Hands Oval, Bunbury, Western Australia

Kody, the scoreboard attendant at Hands Oval, has heard stories of rocks being thrown at the scoreboard during games in the past but it hasn’t happened to him yet. Something else hasn’t happened too. Asked if he’d made any mistakes with the score the laconic South Bunbury junior simply said, “Not yet.”

This is a one-year job only for Kody. Next year he intends playing colts for the Tigers and then seeing if he can make his way into senior ranks. For now he’s happy being able to make some money while watching the footy… and there’s a free lunch thrown in.

South Bunbury is the most successful team (and currently top again in 2011) in the South West Football League – the strongest country league in WA. The club was formed in 1897. The SWFL began in 1957 and South Bunbury has won 14 premierships, the last in 2002.

The roll call of past players is impressive. Syd Jackson first played senior football with the Tigers in 1960 and won the SWFL’s top honour the Hayward Medal in 1961 and 1962 before going on to star with East Perth and Carlton.

Leon Baker turned up at Hands Oval in 1977 and played in a premiership in 1980. Later he turned up at Swan Districts (two premierships) and Essendon (two premierships). Other South Bunbury players include Sandover Medal winners David Hollins, Jaxon Crabb and current coach Mick Grasso, West Coast premiership player Adam Hunter, Fremantle club champion Jason Norrish, Essendon’s Peter Cransberg and Eagles CEO Trevor Nisbett. The legendary Phil Matson started his career with South Bunbury in 1904.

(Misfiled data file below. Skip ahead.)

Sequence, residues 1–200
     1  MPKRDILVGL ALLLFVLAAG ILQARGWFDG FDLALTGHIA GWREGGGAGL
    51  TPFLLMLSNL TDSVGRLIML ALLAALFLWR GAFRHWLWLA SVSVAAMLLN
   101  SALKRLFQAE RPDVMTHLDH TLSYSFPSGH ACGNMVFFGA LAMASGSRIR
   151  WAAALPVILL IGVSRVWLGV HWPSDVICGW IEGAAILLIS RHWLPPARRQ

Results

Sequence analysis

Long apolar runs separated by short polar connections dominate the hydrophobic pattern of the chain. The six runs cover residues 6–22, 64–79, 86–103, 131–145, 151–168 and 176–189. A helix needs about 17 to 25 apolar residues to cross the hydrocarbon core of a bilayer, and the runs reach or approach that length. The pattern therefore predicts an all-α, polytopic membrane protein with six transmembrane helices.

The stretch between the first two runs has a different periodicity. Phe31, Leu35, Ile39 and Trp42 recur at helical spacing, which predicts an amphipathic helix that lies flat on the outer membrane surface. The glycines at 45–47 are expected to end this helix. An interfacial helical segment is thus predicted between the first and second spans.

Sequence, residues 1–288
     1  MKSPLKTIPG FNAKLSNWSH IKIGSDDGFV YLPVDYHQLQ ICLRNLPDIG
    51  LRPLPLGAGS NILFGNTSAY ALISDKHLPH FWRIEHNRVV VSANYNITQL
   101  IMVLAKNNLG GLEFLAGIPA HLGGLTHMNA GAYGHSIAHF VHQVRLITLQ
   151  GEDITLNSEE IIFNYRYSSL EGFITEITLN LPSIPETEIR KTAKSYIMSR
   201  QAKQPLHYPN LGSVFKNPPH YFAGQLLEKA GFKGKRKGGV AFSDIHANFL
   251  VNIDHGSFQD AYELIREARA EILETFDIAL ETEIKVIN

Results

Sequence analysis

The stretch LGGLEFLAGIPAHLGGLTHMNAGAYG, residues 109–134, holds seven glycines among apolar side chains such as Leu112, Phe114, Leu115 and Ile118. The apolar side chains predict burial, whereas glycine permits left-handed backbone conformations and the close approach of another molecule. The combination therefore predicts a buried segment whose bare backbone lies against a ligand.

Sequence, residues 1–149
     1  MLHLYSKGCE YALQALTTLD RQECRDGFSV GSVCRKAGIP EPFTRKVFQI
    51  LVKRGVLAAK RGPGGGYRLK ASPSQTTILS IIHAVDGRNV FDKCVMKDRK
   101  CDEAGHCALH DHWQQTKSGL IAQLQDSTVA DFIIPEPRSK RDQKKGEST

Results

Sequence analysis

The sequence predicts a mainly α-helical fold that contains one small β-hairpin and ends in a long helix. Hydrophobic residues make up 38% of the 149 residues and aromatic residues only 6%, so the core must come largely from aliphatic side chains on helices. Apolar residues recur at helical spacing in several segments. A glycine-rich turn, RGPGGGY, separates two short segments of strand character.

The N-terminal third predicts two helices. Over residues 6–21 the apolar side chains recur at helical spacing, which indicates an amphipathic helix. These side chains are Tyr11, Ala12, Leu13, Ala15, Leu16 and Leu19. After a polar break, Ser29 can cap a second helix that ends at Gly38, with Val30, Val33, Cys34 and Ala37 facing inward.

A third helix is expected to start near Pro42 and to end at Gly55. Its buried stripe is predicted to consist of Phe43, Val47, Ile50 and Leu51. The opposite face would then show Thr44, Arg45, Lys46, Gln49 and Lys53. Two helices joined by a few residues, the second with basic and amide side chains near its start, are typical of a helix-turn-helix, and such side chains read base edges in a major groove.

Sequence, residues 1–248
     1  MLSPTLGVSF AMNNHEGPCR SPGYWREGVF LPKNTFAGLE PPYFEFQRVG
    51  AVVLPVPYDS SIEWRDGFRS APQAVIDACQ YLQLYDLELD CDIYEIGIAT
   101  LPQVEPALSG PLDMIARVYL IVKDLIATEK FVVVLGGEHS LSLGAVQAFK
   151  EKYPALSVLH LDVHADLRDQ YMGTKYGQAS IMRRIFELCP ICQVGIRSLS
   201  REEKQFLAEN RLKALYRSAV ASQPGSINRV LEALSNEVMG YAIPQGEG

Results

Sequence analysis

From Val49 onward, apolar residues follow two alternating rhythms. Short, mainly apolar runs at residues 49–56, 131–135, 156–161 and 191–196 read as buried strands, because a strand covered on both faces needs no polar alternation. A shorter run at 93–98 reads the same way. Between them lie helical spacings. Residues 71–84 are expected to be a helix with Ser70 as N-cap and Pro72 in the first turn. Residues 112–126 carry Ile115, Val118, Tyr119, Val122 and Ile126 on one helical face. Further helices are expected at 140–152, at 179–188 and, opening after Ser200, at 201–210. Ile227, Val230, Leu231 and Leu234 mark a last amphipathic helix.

How did a team that plays in red and white get to be called the Tigers? According to the club website South Bunbury was considered so far from the main Bunbury townsite that it was referred to as tiger country. There is no shortage of footy contradictions at the Tigers – the club song begins “… good old South Bunbury forever/ we know how to play the game / side by side we stick together/ to uphold the Tigers name.” Sound familiar?

Meanwhile as South Bunbury edges towards an elusive 15th SWFL premiership (the total is closer to 40 when you count the pre-SWFL days) you can be sure Kody will be watching every moment of every colts, reserves and league game at Hands Oval like a hawk. He wants to keep his perfect record intact.
LES EVERETT

Action photo: 1961-62 Hayward Medal winner Syd Jackson at Hands Oval. From The South Saga: The official history of the South Bunbury Football Club 1897-1976 by Alan Carter, SBFC, 1977.

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